• Mar 12, 2011
The Clean Air Act of 2007 gave the Environmental Protection Agency the right to regulate tailpipe emissions due to their dangers to public health. The law also gave states like California the right to set their own emissions policies; a move that could force automakers to meet several different standards in the U.S. alone. That led the federal government to essentially adopt California's standard, resulting in a mandate of 34.1 miles per gallon by 2016.

The Detroit News reports that Fred Upton, R-MI and Ed Whitfield, R-KY have sponsored a bill in the House Energy and Commerce Committee that would overturn the Clean Air Act. The proposed measure would remove emissions regulations authority from the EPA and individual states, with the National Highway Traffic Safety Administration instead having sole authority to set corporate average fuel economy standards. "We feel it is not right that California should be dictating standards for the rest of the country," said Whitfield.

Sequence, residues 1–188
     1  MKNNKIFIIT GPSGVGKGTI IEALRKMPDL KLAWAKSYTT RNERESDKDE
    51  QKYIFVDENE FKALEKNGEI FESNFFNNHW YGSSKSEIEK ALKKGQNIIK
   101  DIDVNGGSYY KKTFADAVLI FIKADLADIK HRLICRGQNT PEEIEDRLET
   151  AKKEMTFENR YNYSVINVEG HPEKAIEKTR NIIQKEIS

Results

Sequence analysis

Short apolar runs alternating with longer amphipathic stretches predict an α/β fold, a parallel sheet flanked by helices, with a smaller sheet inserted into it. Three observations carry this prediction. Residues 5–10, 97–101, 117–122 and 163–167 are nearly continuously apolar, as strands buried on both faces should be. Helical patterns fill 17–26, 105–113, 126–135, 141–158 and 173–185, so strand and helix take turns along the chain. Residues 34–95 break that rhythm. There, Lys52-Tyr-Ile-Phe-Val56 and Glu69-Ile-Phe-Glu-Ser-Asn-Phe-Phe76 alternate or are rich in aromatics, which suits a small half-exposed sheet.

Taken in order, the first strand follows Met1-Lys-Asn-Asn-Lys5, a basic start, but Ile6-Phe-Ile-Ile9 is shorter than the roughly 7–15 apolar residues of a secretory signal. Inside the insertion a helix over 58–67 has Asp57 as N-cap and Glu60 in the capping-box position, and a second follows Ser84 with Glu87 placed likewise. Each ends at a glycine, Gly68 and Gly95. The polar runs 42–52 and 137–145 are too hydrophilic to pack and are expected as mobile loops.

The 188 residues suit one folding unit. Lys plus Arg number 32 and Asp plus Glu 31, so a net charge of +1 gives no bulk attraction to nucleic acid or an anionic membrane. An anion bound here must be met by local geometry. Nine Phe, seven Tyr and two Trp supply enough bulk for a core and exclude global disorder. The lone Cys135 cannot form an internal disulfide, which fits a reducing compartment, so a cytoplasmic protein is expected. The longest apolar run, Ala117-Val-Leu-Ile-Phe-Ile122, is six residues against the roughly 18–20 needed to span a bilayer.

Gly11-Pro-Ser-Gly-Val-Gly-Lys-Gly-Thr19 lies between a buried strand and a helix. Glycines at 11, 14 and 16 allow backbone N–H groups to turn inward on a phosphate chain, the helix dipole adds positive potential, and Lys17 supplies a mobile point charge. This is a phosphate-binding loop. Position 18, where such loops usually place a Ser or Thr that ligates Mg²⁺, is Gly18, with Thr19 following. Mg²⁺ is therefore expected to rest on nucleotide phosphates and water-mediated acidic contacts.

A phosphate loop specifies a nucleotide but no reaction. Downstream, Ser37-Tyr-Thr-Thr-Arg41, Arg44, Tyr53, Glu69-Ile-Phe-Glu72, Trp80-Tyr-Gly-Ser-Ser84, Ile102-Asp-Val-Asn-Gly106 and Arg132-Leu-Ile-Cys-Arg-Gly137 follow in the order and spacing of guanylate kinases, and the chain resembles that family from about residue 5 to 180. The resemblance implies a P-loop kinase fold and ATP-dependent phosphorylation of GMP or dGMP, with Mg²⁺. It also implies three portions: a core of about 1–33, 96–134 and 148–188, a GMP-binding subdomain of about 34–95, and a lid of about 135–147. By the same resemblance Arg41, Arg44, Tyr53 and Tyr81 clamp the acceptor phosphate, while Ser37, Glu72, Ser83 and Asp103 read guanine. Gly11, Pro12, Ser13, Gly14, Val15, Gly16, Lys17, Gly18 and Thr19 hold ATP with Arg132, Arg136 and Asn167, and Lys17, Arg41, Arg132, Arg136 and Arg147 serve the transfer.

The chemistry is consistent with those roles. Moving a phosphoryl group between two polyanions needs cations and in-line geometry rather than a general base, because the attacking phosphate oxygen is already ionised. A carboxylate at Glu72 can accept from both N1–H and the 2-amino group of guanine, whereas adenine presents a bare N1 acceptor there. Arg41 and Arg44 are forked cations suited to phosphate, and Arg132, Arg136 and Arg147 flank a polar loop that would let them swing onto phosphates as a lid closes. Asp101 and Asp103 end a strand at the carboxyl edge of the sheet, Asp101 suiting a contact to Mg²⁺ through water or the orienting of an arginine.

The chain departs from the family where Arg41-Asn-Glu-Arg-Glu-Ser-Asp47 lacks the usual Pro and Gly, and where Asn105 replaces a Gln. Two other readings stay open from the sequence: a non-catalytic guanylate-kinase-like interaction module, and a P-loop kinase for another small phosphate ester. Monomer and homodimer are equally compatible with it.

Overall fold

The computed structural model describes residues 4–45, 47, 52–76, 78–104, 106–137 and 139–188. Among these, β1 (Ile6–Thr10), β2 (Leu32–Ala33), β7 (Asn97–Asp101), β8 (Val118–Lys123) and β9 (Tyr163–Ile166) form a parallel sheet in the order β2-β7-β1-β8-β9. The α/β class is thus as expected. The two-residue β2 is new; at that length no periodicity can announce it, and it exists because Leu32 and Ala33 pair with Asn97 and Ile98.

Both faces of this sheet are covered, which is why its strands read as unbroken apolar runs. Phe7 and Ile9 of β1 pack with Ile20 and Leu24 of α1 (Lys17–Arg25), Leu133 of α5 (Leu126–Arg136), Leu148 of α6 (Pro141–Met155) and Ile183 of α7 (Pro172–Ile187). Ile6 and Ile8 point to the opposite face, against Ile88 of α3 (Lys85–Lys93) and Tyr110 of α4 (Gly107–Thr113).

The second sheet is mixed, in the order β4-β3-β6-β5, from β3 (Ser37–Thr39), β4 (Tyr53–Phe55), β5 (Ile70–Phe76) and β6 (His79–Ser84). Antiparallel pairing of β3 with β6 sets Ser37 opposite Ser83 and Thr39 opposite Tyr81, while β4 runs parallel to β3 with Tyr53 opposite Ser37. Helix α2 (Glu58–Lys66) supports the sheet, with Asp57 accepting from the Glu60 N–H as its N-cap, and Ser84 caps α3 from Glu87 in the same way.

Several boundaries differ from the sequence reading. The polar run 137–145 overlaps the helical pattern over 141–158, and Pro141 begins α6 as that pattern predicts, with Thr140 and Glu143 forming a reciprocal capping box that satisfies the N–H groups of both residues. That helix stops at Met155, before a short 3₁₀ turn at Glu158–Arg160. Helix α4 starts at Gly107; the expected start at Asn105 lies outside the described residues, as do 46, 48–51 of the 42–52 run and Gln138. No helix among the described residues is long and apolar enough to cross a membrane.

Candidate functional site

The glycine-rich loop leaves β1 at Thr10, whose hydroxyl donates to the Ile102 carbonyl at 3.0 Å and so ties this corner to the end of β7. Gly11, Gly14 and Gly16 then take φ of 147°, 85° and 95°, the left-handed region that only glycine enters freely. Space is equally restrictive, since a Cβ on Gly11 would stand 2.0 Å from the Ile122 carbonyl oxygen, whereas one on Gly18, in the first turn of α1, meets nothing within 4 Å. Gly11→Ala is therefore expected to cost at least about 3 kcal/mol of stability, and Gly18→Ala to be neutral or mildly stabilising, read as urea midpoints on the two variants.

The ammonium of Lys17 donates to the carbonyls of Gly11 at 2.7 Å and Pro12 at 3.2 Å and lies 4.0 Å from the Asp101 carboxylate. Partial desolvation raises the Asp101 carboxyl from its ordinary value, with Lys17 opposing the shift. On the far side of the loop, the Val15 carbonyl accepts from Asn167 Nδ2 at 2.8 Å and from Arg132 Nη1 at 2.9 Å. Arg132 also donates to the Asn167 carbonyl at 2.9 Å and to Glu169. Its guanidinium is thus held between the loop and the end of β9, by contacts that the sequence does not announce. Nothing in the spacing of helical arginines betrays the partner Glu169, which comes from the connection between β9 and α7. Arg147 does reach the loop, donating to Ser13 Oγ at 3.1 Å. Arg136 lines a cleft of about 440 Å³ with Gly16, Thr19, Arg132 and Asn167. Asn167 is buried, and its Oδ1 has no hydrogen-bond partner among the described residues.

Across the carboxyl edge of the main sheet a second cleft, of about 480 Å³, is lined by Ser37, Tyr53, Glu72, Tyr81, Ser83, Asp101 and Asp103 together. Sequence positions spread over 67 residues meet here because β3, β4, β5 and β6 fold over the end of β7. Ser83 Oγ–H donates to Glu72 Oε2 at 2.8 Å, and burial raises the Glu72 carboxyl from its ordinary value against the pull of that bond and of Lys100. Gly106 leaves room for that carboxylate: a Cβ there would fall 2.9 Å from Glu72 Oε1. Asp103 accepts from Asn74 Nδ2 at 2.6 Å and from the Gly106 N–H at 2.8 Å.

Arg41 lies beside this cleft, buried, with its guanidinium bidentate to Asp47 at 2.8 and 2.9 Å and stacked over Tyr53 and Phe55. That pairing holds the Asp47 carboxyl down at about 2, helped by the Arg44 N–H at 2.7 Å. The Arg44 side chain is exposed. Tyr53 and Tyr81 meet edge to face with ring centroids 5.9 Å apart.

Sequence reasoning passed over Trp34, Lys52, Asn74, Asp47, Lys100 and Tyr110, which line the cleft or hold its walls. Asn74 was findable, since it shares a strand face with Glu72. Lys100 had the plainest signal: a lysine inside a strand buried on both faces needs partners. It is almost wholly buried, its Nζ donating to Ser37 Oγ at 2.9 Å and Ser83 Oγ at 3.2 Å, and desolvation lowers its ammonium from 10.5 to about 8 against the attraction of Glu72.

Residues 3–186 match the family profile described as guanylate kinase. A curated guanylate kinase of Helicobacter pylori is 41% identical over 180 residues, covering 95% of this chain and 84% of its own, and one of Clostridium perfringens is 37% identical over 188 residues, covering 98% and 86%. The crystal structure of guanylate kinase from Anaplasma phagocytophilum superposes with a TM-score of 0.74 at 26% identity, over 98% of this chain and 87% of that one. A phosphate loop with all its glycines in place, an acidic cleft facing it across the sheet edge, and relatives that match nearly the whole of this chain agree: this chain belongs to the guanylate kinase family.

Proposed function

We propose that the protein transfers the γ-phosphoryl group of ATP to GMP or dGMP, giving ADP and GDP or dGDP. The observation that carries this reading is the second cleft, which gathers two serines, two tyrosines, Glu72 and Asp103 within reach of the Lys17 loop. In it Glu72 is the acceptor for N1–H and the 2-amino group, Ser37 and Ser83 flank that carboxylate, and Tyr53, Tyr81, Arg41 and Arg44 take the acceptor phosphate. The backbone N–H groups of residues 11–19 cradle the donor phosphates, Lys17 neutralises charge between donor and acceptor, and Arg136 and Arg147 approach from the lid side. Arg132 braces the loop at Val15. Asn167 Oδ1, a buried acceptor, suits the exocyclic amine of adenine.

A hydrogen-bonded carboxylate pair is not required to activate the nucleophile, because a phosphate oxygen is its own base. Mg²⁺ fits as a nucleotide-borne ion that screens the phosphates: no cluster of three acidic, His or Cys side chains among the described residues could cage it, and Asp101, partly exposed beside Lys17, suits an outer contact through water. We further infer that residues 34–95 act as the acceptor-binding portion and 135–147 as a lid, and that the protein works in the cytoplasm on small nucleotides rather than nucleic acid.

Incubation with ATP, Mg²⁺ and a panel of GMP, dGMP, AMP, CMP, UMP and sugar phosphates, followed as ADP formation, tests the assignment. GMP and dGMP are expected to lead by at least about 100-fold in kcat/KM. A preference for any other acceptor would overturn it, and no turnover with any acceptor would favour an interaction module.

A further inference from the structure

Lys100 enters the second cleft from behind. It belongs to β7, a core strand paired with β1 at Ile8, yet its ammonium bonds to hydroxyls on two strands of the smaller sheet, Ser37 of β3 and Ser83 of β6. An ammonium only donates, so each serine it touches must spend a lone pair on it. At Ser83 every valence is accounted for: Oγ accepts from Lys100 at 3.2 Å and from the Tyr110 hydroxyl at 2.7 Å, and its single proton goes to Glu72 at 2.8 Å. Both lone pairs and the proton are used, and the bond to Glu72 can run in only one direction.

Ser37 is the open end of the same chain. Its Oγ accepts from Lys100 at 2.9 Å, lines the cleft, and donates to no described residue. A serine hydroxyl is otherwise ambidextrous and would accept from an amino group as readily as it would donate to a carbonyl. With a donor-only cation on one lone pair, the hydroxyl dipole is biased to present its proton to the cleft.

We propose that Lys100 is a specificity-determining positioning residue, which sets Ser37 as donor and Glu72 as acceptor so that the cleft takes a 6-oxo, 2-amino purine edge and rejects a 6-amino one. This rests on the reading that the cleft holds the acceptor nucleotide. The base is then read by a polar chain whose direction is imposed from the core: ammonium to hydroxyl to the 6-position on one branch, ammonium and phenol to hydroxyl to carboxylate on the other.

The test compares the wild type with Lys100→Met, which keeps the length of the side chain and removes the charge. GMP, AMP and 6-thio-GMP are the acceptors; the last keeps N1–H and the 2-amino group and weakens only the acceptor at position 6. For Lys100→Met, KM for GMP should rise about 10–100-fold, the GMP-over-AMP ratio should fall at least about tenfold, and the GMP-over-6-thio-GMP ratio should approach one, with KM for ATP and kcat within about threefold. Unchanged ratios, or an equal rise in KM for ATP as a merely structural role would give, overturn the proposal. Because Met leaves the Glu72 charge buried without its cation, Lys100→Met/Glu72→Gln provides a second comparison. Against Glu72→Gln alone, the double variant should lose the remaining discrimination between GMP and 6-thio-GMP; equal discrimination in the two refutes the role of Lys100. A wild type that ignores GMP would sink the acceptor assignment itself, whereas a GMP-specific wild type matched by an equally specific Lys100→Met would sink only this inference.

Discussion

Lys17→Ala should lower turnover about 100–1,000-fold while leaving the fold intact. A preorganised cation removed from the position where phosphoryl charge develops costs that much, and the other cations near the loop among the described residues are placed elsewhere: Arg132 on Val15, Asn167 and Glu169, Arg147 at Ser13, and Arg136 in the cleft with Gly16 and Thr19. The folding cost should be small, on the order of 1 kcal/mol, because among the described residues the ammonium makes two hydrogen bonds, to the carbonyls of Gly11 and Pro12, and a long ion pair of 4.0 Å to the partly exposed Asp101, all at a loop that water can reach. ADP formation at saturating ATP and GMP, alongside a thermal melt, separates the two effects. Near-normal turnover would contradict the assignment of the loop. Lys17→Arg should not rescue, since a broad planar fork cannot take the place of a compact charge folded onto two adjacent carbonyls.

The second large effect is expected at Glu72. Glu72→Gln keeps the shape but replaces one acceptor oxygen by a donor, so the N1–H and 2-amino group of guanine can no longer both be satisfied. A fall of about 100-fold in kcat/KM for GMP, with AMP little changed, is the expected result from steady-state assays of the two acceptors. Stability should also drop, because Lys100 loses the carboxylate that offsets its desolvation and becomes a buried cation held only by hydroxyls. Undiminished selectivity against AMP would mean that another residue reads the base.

The move may be well-received by automakers, since the current regulations in place will cost OEMs billions of dollars. In fact, experts claim the stiff regulations currently on the books will cost automakers up to $52 billion over the next five years. That's a lot of cabbage, but the Obama Administration claims fuel economy improvements will save 1.8 billion barrels of oil and save car owners up to $3,000 over the life of the vehicle.

The sponsored bill has been given the go-ahead by the Energy and Power subcommittee, and The Detroit News claims house Republicans plan to fast-track the bill through Congress.

[Source: The Detroit News | Image: Clinton Steeds – C.C. 2.0]


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